Phase analysis between the signals in the wings and in the core of the Ca II line show that the blue wing precedes the line core, which in turn precedes the red wing. This pattern is always present and is not altered by the appearance of the swirl. The absence of half-period oscillations in the line-core compared with the wings suggests that the velocity time series is not sinusoidal, but rather asymmetric. This seems consistent with the physical picture of three-minute acoustic waves forming shocks below the formation height of Ca II around 1500 km. The phase relations are more complex in Hα, which is perturbed during the appearance of some of the swirls. Forward-modelling of line-formation in simulations of swirls in the presence of acoustic waves would be needed to establish the exact physical picture.

Figure 3. Magnitudes of the continuous wavelet transform (CWT) and cross-wavelet transform (XWT) for time-series constructed over the FOV of Swirl 1, representing chromospheric oscillations before, during and after the swirl. Row 1: CWT plot in Ca II line core and ± 0.11 Å wings showing power concentrated at the location of the swirl. Row 2: CWT plot for Hα line core, and ± 0.26 Å wings. The cone of influence that covers edge effects is over-plotted in solid-black lines. Significance levels (%) for the CWT plots are shown by the colour bar at the bottom of the CWT plots. Row 3: XWT plots showing correlation between Ca II wings at ± 0.11 Å, (first panel), between -0.11 Å and Ca II line core (second panel), between Ca II line core and +0.11 Å (third panel). Row 4: XWT plots showing correlation between Hα wings at ± 0.26 Å (first panel), -0.26 Å and Hα line core (second panel), and Hα line core, and +0.26 Å. The colour bar below the plots show correlation power. The Red box in the first panel indicates the time interval when the swirl appears.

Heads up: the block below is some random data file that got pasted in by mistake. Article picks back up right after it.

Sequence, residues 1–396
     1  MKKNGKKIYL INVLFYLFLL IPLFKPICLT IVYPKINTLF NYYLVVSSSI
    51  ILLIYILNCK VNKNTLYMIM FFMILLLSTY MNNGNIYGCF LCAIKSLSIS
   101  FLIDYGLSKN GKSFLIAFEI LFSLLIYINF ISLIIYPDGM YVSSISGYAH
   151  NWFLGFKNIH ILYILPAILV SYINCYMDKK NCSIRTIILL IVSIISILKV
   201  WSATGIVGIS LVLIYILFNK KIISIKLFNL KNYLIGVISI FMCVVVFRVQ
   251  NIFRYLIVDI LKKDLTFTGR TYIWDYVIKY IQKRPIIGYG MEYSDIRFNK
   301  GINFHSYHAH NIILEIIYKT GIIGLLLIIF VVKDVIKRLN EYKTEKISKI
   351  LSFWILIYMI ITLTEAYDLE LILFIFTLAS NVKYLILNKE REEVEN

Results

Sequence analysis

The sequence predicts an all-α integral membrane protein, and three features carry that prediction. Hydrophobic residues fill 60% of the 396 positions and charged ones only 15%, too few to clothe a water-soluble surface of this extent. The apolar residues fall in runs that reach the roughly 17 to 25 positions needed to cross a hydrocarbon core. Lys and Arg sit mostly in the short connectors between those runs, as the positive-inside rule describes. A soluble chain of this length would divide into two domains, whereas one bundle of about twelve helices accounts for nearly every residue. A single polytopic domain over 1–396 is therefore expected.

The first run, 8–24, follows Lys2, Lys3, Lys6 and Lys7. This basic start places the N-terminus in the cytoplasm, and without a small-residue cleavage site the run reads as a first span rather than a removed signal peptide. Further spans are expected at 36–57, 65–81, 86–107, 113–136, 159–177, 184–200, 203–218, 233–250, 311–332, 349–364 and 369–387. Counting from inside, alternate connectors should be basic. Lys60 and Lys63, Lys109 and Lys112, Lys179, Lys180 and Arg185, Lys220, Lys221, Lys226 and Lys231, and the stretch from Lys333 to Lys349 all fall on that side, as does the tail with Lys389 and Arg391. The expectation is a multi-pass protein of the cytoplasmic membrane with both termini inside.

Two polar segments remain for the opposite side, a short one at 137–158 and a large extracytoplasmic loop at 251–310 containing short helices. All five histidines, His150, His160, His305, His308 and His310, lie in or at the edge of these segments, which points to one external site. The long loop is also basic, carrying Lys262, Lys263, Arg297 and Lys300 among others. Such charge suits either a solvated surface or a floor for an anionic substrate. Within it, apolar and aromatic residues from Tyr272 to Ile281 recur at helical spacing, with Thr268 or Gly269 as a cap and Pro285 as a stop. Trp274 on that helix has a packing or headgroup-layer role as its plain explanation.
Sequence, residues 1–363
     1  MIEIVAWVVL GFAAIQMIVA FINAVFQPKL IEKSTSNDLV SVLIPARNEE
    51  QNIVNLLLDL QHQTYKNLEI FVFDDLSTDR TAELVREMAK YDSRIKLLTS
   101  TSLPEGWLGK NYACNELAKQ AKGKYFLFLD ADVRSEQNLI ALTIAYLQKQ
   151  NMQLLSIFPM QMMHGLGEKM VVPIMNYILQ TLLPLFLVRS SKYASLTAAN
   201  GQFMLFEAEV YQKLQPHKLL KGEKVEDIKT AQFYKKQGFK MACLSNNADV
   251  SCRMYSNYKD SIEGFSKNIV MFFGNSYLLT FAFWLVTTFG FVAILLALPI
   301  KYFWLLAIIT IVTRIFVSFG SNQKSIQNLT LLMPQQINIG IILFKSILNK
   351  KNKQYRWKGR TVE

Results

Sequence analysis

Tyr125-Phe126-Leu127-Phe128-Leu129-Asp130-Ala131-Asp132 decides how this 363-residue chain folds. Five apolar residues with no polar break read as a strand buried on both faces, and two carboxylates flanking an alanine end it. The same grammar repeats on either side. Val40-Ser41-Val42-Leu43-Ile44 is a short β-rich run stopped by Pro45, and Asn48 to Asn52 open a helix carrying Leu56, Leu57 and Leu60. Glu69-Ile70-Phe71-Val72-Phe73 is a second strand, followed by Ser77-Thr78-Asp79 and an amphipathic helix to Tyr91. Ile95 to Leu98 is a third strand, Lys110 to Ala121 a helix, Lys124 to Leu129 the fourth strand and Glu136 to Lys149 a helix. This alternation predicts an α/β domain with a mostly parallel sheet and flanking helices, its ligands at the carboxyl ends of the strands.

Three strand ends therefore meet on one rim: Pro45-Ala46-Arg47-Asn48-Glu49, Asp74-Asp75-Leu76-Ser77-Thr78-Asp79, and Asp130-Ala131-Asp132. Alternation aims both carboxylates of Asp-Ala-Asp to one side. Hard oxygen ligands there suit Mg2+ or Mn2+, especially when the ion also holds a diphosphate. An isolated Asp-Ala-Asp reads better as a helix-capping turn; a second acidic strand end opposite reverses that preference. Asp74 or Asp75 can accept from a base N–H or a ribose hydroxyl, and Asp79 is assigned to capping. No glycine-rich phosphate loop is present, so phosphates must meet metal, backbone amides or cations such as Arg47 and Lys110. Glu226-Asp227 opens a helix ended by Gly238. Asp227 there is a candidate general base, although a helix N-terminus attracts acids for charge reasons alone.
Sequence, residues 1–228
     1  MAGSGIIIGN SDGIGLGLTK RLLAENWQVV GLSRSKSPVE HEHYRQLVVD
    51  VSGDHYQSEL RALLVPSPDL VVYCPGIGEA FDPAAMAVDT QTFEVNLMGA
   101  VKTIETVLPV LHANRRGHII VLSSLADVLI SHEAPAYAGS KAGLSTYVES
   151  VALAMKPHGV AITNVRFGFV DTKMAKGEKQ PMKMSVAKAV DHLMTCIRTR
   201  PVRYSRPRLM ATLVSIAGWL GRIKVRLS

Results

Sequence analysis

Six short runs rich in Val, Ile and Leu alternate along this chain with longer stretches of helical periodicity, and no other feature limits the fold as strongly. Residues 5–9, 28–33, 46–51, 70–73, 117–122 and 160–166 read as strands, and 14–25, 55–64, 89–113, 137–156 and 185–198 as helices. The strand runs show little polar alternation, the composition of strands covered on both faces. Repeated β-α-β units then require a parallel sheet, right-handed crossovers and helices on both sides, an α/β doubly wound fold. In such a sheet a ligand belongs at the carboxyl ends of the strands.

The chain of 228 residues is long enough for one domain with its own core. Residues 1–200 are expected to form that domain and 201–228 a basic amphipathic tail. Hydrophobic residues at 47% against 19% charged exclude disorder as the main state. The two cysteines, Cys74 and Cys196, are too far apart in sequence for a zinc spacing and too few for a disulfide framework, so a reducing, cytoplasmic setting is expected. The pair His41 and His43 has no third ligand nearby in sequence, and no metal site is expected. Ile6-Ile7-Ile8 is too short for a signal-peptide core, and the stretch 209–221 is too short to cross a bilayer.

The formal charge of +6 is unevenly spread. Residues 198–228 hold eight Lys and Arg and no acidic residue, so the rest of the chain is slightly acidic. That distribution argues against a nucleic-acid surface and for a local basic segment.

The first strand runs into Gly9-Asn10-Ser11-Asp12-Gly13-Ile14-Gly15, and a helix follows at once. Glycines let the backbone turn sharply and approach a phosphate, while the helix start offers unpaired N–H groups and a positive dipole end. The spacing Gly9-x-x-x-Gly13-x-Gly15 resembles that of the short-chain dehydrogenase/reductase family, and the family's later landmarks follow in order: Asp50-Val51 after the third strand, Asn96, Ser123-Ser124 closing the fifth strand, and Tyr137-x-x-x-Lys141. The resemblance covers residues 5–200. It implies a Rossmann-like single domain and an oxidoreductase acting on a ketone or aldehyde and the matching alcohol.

Chromospheric magnetic signature of vortices

In collaboration with colleagues from Italy, we have revealed for the first time the magnetic nature of a chromospheric swirl using spectropolarimetry in the Ca II line using observation with IBIS at the DST. Those observations show two long-lived vortices (swirls) that each rotate clockwise inside a 10 arcsec2 quiet-Sun region. For both vortices we have extracted the circular and linear polarisation signals. The circular polarization signals are 5-10 times above the noise level. These signals provide information about the nature of the magnetic field in vortices in the chromosphere. This marks the first time such a measurement has been achieved for vortices. Importantly, the vortices have oppositely signed circular polarisation, which indicates that they have opposite magnetic flux. A combination of maps of the Doppler velocity, plane-of-sky optical flow field, line core intensity point and MHD modelling all point to the physical picture where the two vortices form a magnetic dipole. Due to the inherent bipolar nature of the magnetic field it may be expected that some of the magnetic flux of vortices connects locally and may not reach the solar corona. As such, this needs to be taken into account when estimating energy fluxes from photospheric vorticity fields.

Figure 4. Time-average chromospheric CP (left) and LP maps (right) in Ca II.

Real or apparent rotation?

In our SST study we measure a rotational pattern corresponding to speeds of several tens of km/s. This is consistent with previous reports [8]. However, the optical flow analysis of the two vortices in the DST dataset shows that the rotation is in fact much lower with speeds consistent with the rotation rates observed in photospheric vortices [9]. Near their centres the two structures rotate as a rigid body. We find that the fast rotation seen in Ca II intensity is in fact only apparent. For the fastest vortex, a spatial Fourier analysis reveals the presence of a five-minute acoustic wave mode with a clear azimuthal pattern corresponding to clockwise phase propagation (|m|=1). In other words we observe a slow magnetoacoustic kink mode. We do not observe motion of mass but rather the projected propagation of wave phase. In general, chromospheric vortices may exhibit a superposition of fast rotational phase patterns due to MHD waves on top of a slower motion due to actual rotation [10,11]. Careful wave-analysis will be essential to distinguish steady rotation, wave phase speed and wave amplitude to obtain accurate measurements of the Poynting flux into the solar corona from MHD waves associated with vortices.

This work is published in:

References